In other words, there's not much of a crackdown occurring right now against reckless driving or dangerous parking.

Meanwhile, yesterday, police decided to crack down on cyclists on Second Avenue in Manhattan:

But it has been that way for a while. Consider that in 2014 — the first year of then-Mayor de Blasio's Vision Zero initiative, cops wrote 1,062,504 summonses for moving violations against drivers. By 2021, the last year of the same initiative under the same mayor, they wrote just 508,284 — a drop of 52 percent.

And failure-to-yield tickets dropped from 36,942 in 2014 to 29,121 citywide last year — a drop of 21 percent.

Advocates have long said that the police department is not the best tool for reining in reckless drivers, preferring a combination of road redesigns and automated enforcement. But it's useful to examine what the NYPD is doing in the context of a mayor who continues to promote the agency as a key means of reducing the road violence death crisis that has continued into his administration.

“This is why we need to implement failure-to-yield cameras like they have in Washington, D.C. [and] keep redesigning streets because we can’t rely on NYPD to take enforcement seriously," StreetsPAC Executive Director Eric McClure told Streetsblog last month. "If we’re going from one failure-to-yield ticket to two, it’s meaningless.”

Meanwhile, Commissioner Keechant Sewell has consistently used her Twitter account to maintain focus on a different kind of violence:

In fact, since being sworn in on Jan. 2, Sewell has tweeted 21 times about guns or shootings and zero times about road violence, traffic safety or enforcement of moving violations. Even on Jan. 19, when she joined Mayor Adams at the launch of her agency's promised crackdown on reckless drivers, she did not post anything about the event on her Twitter account.

Interestingly, there have been 29,876 reported crashes so far this year, injuring 13,503 people on the roads. By comparison, there have been 376 shootings so far this year, injuring 441 people. Expressed graphically:

Pressed for a comment, the NYPD sent over the following statement from a spokesperson who did not provide his or her name:

Decreasing traffic fatalities are at the core of the NYPD’s traffic safety initiatives. This year, we have an experienced an increase in overall traffic fatalities and vehicle occupants have been driving the increase in the number of deaths. It should be noted that as of April 26 the month of April 2022 has shown a 75-percent reduction in overall traffic deaths when compared to the first 26 days of April 2021. [DOT provided a broader picture of fatalities so far this year, which are up]:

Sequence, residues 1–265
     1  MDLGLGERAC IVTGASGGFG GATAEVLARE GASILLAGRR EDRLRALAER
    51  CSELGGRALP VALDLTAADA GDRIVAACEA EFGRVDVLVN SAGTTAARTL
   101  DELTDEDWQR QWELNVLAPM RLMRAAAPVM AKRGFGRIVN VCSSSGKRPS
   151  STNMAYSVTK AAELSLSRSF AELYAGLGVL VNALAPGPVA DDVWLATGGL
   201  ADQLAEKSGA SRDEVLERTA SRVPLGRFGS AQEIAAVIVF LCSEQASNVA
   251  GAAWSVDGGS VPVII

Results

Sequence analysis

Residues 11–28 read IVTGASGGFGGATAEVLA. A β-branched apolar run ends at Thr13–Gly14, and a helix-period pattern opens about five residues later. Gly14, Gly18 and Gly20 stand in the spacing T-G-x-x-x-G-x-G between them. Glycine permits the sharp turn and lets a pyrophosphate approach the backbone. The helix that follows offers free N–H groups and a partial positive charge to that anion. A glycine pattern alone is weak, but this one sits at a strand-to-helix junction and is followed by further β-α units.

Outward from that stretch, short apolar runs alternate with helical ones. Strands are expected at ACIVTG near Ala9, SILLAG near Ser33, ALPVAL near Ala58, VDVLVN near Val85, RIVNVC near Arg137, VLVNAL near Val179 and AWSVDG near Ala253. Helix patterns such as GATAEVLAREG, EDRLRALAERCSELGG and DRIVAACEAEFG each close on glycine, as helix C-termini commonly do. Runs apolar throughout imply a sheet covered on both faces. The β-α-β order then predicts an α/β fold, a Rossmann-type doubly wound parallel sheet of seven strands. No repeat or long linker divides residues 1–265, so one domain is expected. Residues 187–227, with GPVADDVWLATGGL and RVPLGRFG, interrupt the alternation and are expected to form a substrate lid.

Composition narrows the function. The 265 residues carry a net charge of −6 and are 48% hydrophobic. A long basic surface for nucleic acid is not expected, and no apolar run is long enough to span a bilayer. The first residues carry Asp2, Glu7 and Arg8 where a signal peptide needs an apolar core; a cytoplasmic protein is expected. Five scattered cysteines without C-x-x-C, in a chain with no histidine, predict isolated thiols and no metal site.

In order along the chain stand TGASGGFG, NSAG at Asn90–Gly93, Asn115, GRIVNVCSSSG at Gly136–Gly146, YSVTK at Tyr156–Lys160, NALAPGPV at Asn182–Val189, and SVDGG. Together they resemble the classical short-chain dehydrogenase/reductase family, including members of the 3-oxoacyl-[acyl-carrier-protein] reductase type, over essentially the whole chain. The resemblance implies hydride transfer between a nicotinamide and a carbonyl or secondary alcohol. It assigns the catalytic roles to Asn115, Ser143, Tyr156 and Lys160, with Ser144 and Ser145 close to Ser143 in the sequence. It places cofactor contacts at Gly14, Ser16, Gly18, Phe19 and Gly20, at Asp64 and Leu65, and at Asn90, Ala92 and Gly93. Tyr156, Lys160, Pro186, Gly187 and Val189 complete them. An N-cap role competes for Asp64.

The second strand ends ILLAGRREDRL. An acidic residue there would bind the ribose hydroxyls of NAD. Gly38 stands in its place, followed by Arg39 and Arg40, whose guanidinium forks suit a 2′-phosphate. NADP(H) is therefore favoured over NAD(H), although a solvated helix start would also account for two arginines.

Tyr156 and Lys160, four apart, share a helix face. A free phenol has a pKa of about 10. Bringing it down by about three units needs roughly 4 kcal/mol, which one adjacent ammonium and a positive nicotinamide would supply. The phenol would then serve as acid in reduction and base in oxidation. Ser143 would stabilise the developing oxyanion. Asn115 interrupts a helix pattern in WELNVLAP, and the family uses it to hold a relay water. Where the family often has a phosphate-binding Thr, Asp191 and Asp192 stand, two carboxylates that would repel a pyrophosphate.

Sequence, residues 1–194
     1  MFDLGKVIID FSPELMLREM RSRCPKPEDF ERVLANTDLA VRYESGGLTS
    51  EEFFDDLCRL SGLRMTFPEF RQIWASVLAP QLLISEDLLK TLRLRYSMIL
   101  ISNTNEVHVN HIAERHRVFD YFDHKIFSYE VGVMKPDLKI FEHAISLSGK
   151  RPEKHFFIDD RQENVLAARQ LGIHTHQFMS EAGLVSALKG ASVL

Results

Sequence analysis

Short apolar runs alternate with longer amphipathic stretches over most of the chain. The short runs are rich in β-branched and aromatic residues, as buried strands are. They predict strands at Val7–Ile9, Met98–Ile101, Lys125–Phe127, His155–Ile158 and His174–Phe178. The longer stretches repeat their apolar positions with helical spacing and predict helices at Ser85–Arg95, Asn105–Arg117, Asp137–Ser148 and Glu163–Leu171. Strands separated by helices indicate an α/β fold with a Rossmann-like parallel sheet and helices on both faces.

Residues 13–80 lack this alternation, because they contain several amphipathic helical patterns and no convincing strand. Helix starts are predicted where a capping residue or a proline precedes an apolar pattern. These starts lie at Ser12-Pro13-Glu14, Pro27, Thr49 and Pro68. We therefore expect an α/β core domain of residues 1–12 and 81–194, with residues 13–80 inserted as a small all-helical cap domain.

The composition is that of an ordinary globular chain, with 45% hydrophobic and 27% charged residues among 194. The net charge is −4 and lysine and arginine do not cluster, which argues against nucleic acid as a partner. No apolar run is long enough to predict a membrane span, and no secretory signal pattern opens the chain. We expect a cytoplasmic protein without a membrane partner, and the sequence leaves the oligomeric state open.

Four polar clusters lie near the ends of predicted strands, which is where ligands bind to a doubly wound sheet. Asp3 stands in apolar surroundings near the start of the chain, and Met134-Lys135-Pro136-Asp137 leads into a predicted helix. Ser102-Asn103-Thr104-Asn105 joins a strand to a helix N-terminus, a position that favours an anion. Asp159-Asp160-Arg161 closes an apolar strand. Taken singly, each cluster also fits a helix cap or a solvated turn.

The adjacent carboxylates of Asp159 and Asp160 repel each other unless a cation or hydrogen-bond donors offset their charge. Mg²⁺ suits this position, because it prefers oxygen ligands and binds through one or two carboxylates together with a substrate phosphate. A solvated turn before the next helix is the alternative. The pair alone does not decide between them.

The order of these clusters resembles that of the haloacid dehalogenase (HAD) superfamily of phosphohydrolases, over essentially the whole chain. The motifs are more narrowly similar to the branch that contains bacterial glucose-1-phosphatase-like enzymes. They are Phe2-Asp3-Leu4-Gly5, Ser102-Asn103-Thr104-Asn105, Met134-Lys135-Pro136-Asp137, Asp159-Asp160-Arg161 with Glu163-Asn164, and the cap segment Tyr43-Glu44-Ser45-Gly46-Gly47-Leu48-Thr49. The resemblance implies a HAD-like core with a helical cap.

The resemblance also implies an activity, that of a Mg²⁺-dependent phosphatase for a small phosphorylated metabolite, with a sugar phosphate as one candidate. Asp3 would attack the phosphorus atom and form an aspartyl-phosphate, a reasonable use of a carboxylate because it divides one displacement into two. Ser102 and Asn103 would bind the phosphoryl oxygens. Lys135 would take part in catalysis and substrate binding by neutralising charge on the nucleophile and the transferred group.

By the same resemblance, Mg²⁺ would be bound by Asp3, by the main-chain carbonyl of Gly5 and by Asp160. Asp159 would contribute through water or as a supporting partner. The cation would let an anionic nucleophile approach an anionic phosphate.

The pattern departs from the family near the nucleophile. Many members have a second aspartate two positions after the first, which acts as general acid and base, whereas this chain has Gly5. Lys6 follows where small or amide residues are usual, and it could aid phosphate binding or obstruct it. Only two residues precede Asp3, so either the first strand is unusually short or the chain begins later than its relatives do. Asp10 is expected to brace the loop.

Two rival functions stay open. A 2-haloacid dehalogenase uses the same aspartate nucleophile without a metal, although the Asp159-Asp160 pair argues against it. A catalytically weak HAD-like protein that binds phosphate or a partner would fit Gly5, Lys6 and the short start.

Chart: DOT
Chart: DOT

Traffic deaths are most prevalent on our Northern Manhattan and Bronx highways, mostly during the overnight hours. To address this unacceptable trend and reckless driving behavior, the NYPD’s Highway Unit has stepped up enforcement on highways where the data has shown a rise in injury and fatal collisions.

On local streets, 51 percent of pedestrian deaths occur at intersections, which is caused by drivers failing to yield to pedestrians as well as not slowing down. Pedestrian deaths in 2022, as of 4/26/22, decreased 23 percent as compared to the same period in 2021.

When looking beyond the month of March and reviewing the 28-day period of March 28 to April 24, hazardous violations have increased 44 percent overall. This includes an 88 percent increase in speeding summonses issued. [Streetsblog could not fact-check this, as April's full numbers have not been released and the NYPD does not release weekly numbers.]

Precision enforcement is taken against drivers that fail to yield to pedestrians and cyclists at intersections. This year, the hazardous violation enforcement in this area has increased 33 percent to 13,354 from 9,998. We have also continued to conducted Vision Zero High Visibility Corridor Enforcement and Education operations, which strategically deploys personnel to conduct traffic enforcement and education in precincts where it is needed most; at locations where the data has shown a high number of vulnerable road users injured in traffic collisions. This layered enforcement strategy is a collaboration with our Vision Zero partners to drive down fatalities as well as to protect pedestrians and bicyclist [sic].